Introducing the oPhone

June 17 2014

Edwards, a Harvard professor and head of science/art innovation lab Le Laboratoire, just unveiled the first commercial version of his oPhone, the DUO, a cylindrical gadget that transmits scents (called oNotes) via an app called oSnap. Think of it as a mobile messaging platform for sending aromatic emoticons. The oPhone might look like a strange medical device, but Edwards is betting it could usher in the beginning of the aromatic communication age.

I was so happy to read this article on wired today. I have been waiting for such a device to go from research to production since Google’s Nose Beta, their 2013 April’s fool joke. However, there is lab research in technologies that allows the reproduction of odours. A design team from the Tokyo University of Agriculture and Technology revealed this odoriferous monitor at the IEEE Virtual Reality conference last month (March 2013). The concept is simple: a television monitor framed with four fans, each pumping odors in a precise direction. The odors are generated using hydrogel chips that vaporize when heated. (

Photo courtesy of IEEE Virtual Reality Conference

In the beginning on 2013 I made a new friend in Amsterdam, Kate McLean. She is a PhD candidate within Information Experience Design at the Royal College of Art and she is working on sensonry maps. She applies academic research with field studies (smell walks), recruiting different levels of sniffers (perfumers, evaluators and admin staff from International Flavors and Fragrances (IFF), landscape architects, service designers, an art historian, a film extra etc) in cities of interest. The outcome of her research is a graphical representation of odours mapped as artistic artefacts. She has been exhibiting her Sensory maps since 2010. I had the luxury of walking and smelling Jordan in Amsterdam in May 2013 and that gave me some food for thought.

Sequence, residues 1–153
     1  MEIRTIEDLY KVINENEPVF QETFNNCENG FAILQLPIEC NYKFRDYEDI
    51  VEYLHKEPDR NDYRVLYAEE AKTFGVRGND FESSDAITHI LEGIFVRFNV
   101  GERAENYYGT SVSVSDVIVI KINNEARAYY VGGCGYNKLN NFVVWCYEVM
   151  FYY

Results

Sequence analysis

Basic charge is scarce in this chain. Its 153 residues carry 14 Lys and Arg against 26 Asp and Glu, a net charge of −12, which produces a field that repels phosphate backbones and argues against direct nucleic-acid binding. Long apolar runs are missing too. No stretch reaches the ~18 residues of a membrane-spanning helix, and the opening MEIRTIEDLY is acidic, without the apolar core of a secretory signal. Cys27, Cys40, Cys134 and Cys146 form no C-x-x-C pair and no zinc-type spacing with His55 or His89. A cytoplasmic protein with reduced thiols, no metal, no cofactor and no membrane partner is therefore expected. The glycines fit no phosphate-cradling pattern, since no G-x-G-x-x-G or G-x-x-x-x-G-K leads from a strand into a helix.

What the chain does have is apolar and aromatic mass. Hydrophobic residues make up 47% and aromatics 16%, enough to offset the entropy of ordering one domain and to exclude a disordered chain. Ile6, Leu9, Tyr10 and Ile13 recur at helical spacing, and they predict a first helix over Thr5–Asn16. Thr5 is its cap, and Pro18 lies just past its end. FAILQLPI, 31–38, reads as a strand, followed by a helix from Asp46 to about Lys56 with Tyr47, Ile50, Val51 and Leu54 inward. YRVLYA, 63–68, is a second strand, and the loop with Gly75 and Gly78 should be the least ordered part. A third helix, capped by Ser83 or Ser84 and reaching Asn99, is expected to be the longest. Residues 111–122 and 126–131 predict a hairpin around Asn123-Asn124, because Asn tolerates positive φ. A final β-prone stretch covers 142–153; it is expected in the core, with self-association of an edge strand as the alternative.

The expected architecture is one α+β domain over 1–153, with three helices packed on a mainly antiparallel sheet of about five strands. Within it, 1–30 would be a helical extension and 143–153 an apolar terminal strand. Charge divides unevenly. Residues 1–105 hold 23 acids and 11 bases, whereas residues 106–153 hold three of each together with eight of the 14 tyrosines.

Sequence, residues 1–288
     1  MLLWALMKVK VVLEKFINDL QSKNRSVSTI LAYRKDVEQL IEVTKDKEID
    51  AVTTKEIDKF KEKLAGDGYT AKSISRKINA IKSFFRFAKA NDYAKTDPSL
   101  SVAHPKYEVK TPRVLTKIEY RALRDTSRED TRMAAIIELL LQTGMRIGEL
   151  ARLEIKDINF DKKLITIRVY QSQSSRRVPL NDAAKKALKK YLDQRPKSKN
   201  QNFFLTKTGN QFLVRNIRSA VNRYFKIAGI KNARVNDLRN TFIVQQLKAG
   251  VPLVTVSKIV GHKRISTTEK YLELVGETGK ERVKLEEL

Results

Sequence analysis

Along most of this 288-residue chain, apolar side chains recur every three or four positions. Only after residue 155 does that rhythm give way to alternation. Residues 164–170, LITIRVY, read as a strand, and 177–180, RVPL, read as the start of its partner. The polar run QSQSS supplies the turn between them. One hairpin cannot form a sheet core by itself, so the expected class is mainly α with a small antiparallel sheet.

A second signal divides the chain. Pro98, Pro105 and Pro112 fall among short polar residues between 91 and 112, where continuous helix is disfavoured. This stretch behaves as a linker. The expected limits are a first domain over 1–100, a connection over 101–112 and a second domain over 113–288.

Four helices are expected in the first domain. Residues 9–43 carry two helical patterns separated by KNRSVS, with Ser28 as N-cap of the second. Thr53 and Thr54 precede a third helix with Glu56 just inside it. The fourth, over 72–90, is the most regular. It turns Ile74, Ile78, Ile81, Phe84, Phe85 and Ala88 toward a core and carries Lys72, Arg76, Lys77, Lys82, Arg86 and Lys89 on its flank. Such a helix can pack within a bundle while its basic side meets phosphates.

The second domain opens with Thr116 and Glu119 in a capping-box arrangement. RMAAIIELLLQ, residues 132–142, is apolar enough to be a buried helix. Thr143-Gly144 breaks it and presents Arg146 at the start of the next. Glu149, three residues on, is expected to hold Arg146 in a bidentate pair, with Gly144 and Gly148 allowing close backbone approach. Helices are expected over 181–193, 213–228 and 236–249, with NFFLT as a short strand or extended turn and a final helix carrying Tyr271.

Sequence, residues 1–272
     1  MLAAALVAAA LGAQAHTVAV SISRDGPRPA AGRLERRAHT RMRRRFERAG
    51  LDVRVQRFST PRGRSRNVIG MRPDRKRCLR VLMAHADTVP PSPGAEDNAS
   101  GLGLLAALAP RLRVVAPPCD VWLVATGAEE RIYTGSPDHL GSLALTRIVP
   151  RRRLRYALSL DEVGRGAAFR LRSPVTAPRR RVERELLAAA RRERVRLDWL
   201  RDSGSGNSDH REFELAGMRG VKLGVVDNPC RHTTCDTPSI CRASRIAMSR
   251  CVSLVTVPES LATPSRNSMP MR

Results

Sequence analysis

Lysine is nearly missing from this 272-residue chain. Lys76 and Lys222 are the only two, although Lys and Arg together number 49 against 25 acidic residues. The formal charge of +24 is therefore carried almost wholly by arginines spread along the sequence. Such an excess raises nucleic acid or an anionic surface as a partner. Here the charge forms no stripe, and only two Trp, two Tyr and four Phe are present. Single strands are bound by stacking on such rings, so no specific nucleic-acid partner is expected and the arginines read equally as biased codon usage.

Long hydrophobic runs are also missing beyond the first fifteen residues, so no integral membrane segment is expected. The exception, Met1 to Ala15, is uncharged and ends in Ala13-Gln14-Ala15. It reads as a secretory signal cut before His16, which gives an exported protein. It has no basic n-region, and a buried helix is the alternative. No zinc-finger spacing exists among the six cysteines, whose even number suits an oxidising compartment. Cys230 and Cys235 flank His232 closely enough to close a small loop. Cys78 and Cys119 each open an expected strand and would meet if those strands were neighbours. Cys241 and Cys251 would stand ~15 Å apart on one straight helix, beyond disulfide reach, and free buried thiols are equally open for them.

Therefore, I would like to raise the following questions. If we allow the individual user to record odours in urban environments, how can we contribute into the multi-sensory experience of cities? Could we encourage participation from the individual user to create an additional layer for Google maps? Taking into consideration that odours can fade away, how could archives of sensory maps contribute to historical evidence of urban development? Would that be a degree thesis or a business idea?

You can support oPhone on Indiegogo.

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